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Re: Upcoming New Zealand Space Launch
« Reply #31 on: May 25, 2017, 08:13:17 am »
It seemed like it was textbook stuff - except they didn't make orbit.  That would have been sooooooo close to a perfect result.

Considering it was their first attempt, you have to give them full credit for such a fantastic result.



Tonight will be celebrations ... and tomorrow will start the analysis.

Can't wait for their next launch.
« Last Edit: May 25, 2017, 08:14:53 am by Brumby »
 

Online tautech

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Re: Upcoming New Zealand Space Launch
« Reply #32 on: May 25, 2017, 08:26:56 am »
Appears not to have made it to orbit.
Yeah, hmmmm.
Wondered if they entered Muttley's coordinates for NK instead ?  :popcorn:
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Offline Electro Detective

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Re: Upcoming New Zealand Space Launch
« Reply #33 on: May 25, 2017, 08:36:53 am »
Who pays for all this stuff and what's the point?

It's been done already, how can they HOPE to compete at any level with the established players anyway?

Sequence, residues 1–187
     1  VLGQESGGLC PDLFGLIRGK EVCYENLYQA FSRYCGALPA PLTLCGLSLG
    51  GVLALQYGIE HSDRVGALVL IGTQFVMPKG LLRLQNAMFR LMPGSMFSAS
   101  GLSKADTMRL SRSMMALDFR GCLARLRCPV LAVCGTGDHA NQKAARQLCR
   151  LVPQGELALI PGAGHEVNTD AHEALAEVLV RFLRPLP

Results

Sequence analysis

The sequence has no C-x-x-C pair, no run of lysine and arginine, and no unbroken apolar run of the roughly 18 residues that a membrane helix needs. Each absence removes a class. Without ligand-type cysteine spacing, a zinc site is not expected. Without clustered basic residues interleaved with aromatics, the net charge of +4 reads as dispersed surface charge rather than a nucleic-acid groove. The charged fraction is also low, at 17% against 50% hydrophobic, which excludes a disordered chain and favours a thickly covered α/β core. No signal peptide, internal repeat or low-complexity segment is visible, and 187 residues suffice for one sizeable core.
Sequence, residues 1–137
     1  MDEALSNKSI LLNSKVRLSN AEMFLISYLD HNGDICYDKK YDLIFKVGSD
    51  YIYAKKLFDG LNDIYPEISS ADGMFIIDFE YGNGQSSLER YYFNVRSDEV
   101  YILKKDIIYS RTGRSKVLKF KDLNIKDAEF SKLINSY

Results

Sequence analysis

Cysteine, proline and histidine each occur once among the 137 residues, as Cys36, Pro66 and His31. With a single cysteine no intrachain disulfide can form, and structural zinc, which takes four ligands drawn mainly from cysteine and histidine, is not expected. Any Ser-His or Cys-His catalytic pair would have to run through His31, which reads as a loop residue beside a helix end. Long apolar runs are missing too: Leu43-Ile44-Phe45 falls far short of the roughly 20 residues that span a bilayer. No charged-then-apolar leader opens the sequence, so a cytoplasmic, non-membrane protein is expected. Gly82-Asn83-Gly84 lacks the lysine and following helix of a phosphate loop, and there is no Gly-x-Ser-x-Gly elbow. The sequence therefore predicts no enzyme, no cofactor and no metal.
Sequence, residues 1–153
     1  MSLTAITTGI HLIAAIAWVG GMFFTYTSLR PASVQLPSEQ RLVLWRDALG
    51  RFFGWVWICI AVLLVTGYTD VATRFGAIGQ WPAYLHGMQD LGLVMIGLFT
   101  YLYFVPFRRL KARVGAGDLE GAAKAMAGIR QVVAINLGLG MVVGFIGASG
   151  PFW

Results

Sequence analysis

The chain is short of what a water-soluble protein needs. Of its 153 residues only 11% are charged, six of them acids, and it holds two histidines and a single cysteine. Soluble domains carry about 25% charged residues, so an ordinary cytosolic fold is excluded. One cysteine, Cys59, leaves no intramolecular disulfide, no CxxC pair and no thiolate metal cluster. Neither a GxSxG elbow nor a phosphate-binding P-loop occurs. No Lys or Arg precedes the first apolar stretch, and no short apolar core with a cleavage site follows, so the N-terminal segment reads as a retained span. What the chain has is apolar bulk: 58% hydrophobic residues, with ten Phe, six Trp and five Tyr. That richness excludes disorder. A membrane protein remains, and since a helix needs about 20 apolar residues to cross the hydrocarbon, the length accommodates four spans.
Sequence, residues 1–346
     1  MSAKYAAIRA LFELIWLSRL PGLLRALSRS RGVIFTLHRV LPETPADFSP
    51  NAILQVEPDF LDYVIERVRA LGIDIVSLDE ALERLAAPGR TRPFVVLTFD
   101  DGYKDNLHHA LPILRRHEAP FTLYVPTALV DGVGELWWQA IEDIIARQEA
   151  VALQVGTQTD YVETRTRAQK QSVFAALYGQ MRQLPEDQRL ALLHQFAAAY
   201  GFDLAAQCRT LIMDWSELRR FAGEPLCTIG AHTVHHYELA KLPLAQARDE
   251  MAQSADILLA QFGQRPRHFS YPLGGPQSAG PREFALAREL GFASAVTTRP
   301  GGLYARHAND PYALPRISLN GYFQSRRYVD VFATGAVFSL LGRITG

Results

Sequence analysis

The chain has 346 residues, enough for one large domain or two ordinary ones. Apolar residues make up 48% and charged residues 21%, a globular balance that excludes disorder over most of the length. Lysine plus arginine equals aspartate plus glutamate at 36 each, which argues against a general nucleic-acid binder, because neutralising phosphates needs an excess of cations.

We need multimeters launched and separated from tool bags
which survive a 600 foot drop on to concrete,
that's R+D worth watching  :popcorn:


 

Offline brucehoult

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Re: Upcoming New Zealand Space Launch
« Reply #34 on: May 25, 2017, 09:02:06 am »
Who pays for all this stuff and what's the point?

The investors now, and the customers later?

It's been done already, how can they HOPE to compete at any level with the established players anyway?

Because the established players (other than SpaceX about which people were saying the same things ten years ago) are huge slow-moving dinosaurs sucking on the government teat happy with their cost-plus (i.e. guaranteed X% profit margin) contracts to launch barely upgraded 1960s ICBMs that were never designed for either reusability or for low cost manufacture or operations.

Anyone using modern technology, design for manufacture, and lean operations will easily beat BoeiLockMartAriaRoscosmos, if they can actually make their stuff work.
 

Offline hendorog

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Re: Upcoming New Zealand Space Launch
« Reply #35 on: May 25, 2017, 09:08:55 am »
Who pays for all this stuff and what's the point?